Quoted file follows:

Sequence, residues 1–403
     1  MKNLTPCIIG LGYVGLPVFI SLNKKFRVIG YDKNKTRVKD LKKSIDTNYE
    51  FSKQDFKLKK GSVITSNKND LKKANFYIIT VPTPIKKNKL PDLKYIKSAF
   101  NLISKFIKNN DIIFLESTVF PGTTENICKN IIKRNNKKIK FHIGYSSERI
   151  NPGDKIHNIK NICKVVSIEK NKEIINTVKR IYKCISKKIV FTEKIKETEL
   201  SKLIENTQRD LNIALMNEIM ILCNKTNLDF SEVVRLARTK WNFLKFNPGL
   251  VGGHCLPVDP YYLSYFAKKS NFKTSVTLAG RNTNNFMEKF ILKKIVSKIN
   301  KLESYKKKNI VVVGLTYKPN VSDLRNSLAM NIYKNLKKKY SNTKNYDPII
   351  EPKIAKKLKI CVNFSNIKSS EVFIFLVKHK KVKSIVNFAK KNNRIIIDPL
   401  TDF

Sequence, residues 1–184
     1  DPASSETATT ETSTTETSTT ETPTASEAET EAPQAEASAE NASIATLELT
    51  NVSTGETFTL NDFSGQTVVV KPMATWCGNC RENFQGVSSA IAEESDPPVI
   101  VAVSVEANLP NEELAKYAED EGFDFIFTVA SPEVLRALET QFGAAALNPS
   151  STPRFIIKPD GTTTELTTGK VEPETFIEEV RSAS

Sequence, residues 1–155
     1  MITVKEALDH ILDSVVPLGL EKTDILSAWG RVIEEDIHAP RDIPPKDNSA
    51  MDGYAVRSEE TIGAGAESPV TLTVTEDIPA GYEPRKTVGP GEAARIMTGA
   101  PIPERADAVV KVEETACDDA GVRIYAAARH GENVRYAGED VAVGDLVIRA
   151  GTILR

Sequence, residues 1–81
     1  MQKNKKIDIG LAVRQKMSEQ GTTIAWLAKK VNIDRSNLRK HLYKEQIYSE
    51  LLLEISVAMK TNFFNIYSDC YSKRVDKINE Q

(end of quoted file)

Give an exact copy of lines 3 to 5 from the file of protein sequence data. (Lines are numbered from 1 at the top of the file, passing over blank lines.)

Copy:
    51  FSKQDFKLKK GSVITSNKND LKKANFYIIT VPTPIKKNKL PDLKYIKSAF
   101  NLISKFIKNN DIIFLESTVF PGTTENICKN IIKRNNKKIK FHIGYSSERI
   151  NPGDKIHNIK NICKVVSIEK NKEIINTVKR IYKCISKKIV FTEKIKETEL